Within hours, the holes in the bridge had been patched by engineers, and tanks, troops, and vehicles of all kinds were pouring across the Rhine. Hitler flew into a rage when he was informed of the capture and demanded counterattacks to retake and destroy the bridge at all costs. The Allies knew they were coming. As German planes were diverted from every other front to try and destroy the bridge, American anti-aircraft units were amassed in Remagen, five battalions' worth. Air cover from P-51 Mustangs knocked German Stukas out of the sky and helped the bridgehead remain intact.

9th Infantry Division passing through Remagen, March 8

The Germans tried many desperate expedients to destroy the bridge besides air power. Luftwaffe pilots tried to launch 9-11 style suicide attacks against the bridge, but American planes and AA guns knocked them away. Every bomb managed to miss the bridge, with the AA fire so intense that the air around the planes grew pink. Hitler ordered V-2 rockets fired at the bridge, but they were far too inaccurate to come close to hitting their target; they did cause the Americans around the bridge a great deal of stress. The Germans floated mines down the river, floated a barge down the river, floated divers armed with explosives down the river. The Germans literally got the biggest artillery pieces they could find to blast away at the bridge to no avail.


Even if they had destroyed the bridge, it wouldn't matter. American engineers were already building parallel pontoon bridges downstream from Remagen to reinforce the bridgehead as an added security in case the Ludendorff Bridge collapsed. By March 11, two additional bridges had been built, and the cat was out of the bag. The Rhine had been crossed. The United States had three divisions across into the heartland of Germany, and more would follow.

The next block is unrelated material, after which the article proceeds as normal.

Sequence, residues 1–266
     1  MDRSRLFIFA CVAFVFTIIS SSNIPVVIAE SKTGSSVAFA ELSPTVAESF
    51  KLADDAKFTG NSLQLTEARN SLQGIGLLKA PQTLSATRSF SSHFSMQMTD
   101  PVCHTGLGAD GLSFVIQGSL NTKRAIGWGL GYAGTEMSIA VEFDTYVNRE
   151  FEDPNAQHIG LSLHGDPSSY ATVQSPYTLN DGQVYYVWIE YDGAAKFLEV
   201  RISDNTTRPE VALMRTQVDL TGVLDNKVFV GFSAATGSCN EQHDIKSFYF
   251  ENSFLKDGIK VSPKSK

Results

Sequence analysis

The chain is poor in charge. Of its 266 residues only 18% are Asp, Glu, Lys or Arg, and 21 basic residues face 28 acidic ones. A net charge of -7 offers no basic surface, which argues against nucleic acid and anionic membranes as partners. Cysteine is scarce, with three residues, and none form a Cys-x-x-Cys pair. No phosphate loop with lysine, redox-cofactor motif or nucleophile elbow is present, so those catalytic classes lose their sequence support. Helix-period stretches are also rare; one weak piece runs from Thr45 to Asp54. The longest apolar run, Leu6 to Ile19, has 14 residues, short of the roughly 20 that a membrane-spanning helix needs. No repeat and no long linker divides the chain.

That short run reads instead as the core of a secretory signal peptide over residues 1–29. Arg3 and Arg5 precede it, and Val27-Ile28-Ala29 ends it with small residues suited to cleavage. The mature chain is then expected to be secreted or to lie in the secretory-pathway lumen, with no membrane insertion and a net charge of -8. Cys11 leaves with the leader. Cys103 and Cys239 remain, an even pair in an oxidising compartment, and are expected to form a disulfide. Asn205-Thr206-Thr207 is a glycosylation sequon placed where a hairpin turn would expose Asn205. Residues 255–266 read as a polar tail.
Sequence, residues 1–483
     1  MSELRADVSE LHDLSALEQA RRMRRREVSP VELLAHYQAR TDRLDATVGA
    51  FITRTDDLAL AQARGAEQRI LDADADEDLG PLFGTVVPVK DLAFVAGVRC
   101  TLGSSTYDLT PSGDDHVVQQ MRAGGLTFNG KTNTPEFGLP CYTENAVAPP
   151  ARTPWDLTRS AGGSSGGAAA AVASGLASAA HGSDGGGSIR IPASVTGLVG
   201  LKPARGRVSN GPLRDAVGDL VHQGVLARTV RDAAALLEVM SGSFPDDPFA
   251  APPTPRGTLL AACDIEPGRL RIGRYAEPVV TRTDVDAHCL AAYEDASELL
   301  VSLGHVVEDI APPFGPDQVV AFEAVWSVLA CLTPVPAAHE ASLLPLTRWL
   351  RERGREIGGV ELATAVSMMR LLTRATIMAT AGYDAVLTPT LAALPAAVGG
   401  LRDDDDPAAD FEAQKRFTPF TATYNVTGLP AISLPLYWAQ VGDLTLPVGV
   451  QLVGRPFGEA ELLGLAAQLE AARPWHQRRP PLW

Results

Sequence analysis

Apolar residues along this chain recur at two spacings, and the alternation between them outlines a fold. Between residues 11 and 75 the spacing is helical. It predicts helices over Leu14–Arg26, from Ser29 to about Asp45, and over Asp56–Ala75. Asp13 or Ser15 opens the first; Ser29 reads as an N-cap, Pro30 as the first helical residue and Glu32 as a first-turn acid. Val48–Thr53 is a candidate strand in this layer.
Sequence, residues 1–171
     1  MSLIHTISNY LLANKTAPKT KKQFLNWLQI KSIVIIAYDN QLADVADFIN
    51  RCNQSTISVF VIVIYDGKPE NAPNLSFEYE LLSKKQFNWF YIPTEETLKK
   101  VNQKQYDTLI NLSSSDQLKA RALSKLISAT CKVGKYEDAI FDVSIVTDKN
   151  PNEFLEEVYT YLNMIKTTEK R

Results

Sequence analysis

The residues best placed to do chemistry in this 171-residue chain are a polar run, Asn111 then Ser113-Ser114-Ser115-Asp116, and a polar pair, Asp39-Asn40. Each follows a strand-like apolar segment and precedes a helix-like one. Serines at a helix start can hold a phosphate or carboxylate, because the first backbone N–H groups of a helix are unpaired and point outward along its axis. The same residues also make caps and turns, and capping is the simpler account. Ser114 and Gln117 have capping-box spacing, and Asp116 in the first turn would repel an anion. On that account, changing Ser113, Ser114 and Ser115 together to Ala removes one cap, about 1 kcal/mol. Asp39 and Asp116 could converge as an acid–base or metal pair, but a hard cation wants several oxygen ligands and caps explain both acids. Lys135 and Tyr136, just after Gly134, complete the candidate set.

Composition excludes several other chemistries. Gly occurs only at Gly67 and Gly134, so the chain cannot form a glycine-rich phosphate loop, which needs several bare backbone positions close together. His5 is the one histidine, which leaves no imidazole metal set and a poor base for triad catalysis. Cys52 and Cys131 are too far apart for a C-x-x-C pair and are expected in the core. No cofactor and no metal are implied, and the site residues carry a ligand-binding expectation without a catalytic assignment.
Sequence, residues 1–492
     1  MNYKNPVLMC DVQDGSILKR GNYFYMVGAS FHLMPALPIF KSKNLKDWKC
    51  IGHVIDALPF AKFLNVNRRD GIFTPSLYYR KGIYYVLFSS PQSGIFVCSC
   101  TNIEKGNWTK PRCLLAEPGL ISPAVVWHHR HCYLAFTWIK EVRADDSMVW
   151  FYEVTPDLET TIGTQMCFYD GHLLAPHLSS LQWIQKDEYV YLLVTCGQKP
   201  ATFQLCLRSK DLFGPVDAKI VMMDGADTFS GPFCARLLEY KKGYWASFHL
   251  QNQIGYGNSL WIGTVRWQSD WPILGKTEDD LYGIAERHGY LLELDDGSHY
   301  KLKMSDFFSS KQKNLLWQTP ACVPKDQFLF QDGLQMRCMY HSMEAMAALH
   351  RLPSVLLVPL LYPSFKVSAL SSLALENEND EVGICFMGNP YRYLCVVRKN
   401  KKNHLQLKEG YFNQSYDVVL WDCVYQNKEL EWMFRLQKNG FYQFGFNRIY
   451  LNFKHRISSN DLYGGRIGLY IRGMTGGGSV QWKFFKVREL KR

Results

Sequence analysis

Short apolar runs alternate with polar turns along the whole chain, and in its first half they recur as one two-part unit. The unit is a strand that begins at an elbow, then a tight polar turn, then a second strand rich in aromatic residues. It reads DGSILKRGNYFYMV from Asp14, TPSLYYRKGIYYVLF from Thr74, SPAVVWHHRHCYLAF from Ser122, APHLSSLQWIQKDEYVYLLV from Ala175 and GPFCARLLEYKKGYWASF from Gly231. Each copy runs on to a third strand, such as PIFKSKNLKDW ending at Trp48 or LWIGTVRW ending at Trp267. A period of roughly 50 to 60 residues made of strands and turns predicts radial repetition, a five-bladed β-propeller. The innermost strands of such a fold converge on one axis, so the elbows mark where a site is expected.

Sherman tank crossing Remagen Bridge

After all that, on March 17, the Bridge at Remagen collapsed from the stress and the fighting of March 7, killing 33 men. 25,000 troops and thousands of vehicles had crossed it in those ten days, and many more had crossed the two local bridges. The Allies had their foothold across the Rhine, and it was all downhill from here.


The Bridge at Remagen was one of the greatest Allied successes of the late war. The Germans were caught completely by surprise - they expected a long buildup before an American crossing, which would buy them time to reorganize and prepare. They lost this with the capture of the bridge, and the Allies were across in force. By March 19, nine divisions of Bradley's First Army were racing deep into Germany. It is estimated that the sudden capture of the bridge shortened the war by approximately six months and saved the lives of thousands of men. One officer estimated 35,000 casualties prevented by the sudden capture of the Bridge, which prevented a bloody and difficult assault crossing of the Rhine.


Eisenhower's Chief of Staff, Walter Bedell Smith, said that the Ludendorff Bridge was "worth its weight in gold." Lieutenant Timmermann and Sergeant Drabik both earned the Distinguished Service Cross for their day at Remagen; Captain Friesenhahn, who survived the war, told interviewers that they had earned it.


And they say the actions of one men, or a few men, can't change anything.


Book Recommendation: Go for Ken Hechler, The Bridge at Remagen: The Amazing Story of March 7, 1945, the Day the Rhine River Was Crossed (Novato, California: Presidio Press, 1998). For the war in Western Europe in general, see the always excellent Rick Atkinson's The Guns at Last Light: The War in Western Europe, 1944-1945 (New York: Henry Holt, 2013).